Kerry voted in favor of the war against Iraq at a time when the criticisms of the US government's lies, and they were most certainly known to be lies among many journalists and scholars as they were being said, were being decried as such in the press. Now Kerry claims he is shocked that he was lied to and tricked by the Bush administration's fancy talk. Baloney. Kerry voted with the President because he didn't have the conviction of character to stand up and question him on it. That's why I didn't vote for Kerry.
Bush? You want to know why I didn't vote for Bush? I didn't vote for Bush because he embarked on an operation that wound up responsible for killing more Americans annually than were killed in the World Trade Center terrorist attacks. He ordered the invasion of Afghanistan, which destroyed that nation, such as it was. In the wake of that destruction, as predicted, opium growing took off like a rocket and heroin refining, well, shot up. If you didn't hear the predictions, then shame on you for not reading up on what your government actually does, because the reports were out there, online, for everyone to read. Worse, the US-backed government in Afghanistan depends upon the goodwill of the heroin traffickers in order to stay in power. It's the heroin warlords who control Afghanistan, and their export kills more Americans every year than Osama bin Laden ever took responsibility for in his entire life. And before you damn those deaths as worthless drug addicts, remember that those addicts were once someone's son or daughter, that they were once your co-workers or friends. The drugs got into their lives and destroyed them. Bush's foreign policy success now depends on the heroin continuing to flow from Kandahar Valley to a corner near you. The top producers and distributors will not be prosecuted: they are national security assets. I am opposed wholeheartedly to the creation of narcostates and the turning of a blind eye to the plague of opiates, and that is why I cannot support a president who is essentially the friend of the pusherman.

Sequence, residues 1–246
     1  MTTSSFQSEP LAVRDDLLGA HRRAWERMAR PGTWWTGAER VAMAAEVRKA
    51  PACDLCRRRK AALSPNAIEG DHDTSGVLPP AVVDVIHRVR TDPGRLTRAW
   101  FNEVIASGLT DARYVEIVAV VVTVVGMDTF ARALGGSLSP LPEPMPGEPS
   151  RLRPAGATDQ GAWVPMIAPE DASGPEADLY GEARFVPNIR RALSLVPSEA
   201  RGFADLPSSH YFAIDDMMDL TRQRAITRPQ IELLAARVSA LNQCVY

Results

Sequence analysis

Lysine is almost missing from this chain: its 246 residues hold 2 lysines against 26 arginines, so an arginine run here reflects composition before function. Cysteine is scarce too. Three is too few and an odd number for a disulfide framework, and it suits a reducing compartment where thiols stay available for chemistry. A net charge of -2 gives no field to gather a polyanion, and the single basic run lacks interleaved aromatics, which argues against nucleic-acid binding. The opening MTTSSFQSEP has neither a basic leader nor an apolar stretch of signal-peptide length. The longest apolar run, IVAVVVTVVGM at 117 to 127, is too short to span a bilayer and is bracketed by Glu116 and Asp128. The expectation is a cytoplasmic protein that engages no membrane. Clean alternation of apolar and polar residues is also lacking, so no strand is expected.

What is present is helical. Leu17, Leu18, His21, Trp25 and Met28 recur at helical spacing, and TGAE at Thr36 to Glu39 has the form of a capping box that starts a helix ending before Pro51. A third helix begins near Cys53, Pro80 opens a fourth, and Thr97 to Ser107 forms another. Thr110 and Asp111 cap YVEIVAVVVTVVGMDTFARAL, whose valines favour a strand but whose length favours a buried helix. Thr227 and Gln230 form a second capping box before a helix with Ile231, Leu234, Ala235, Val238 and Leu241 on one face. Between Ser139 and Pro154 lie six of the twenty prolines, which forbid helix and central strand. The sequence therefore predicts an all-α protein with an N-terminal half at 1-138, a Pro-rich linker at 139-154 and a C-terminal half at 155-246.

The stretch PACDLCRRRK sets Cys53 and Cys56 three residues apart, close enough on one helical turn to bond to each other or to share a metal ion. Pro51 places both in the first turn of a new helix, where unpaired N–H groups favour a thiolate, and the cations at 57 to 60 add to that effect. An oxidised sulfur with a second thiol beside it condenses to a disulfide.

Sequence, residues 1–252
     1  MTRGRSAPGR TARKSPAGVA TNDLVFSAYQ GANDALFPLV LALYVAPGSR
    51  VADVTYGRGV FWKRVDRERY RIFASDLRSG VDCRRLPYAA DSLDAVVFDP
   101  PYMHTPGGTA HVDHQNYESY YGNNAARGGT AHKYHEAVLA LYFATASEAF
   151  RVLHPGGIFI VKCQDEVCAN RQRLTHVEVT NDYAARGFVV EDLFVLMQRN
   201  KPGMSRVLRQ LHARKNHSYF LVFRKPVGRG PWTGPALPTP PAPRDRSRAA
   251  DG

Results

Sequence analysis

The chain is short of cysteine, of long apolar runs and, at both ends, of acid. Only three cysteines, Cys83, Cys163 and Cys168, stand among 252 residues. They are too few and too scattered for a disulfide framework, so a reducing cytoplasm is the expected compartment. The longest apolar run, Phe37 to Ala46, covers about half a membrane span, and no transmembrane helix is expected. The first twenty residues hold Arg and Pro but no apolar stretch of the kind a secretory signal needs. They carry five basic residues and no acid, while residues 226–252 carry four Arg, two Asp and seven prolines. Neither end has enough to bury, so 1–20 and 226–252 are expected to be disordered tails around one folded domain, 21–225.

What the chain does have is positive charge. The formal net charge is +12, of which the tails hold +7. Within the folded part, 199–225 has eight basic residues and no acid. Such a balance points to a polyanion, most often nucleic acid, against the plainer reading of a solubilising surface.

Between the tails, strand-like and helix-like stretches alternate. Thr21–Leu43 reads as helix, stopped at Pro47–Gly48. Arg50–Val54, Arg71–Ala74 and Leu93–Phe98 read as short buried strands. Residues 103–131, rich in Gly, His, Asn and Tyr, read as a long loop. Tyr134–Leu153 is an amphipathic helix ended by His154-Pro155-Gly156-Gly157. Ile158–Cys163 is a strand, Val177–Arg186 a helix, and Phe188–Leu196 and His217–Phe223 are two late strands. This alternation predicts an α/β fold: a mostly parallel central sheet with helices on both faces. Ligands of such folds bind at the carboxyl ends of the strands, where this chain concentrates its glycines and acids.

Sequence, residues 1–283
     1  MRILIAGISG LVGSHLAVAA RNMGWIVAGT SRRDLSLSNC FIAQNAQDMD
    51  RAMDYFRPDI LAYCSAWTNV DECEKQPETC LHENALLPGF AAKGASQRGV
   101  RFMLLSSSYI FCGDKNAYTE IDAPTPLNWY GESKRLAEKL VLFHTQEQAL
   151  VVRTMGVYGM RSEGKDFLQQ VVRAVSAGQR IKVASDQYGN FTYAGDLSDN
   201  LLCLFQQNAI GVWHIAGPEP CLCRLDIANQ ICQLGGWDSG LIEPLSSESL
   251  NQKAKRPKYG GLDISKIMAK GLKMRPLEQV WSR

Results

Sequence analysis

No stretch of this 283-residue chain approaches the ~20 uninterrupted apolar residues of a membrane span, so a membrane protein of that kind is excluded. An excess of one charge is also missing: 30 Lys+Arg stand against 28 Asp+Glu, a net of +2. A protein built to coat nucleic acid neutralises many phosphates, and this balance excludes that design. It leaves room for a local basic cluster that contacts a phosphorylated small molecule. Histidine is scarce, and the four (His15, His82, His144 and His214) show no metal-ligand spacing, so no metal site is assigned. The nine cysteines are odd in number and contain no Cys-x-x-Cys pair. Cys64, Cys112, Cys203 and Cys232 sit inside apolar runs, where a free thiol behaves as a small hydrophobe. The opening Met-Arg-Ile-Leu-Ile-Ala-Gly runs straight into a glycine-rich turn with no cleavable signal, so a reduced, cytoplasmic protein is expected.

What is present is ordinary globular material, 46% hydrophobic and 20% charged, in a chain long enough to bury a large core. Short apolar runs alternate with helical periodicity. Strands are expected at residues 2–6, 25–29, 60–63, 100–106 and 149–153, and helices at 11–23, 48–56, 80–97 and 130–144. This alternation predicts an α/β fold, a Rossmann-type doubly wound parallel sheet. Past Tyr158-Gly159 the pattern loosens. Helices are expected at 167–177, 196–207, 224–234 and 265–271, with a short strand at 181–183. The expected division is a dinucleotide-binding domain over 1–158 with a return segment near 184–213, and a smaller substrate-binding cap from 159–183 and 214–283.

Where does that leave me? It leaves me thirsting for constitutional reform. When the Articles of Confederation no longer suited the needs of the nation, men met to form a new Constitution. Thomas Jefferson himself suggested such a convention should be held every 25 years or so, to give each generation a chance to shape the government to suit their needs. I'm with Jefferson, but the overhaul we need is almost 200 years overdue. Now, I'll have to overcome vast entrenched interests that depend on the system existing as it does now in order to enrich themselves at your expense and mine. I'll be happy, though, to get the ball rolling and to start a movement that, perhaps within 50 to 150 years or more, will be able to build an America that truly does embody the virtues we believe in our hearts it truly should have.
If you want to help, I'll be happy to hear what you have to say on the matter. If Americans begin to demand a higher standard in their governmental and corporate leaders, to borrow a phrase from Dan Rather, the people "will have the hot dice now".
And that's the way it is...
by Dean Webb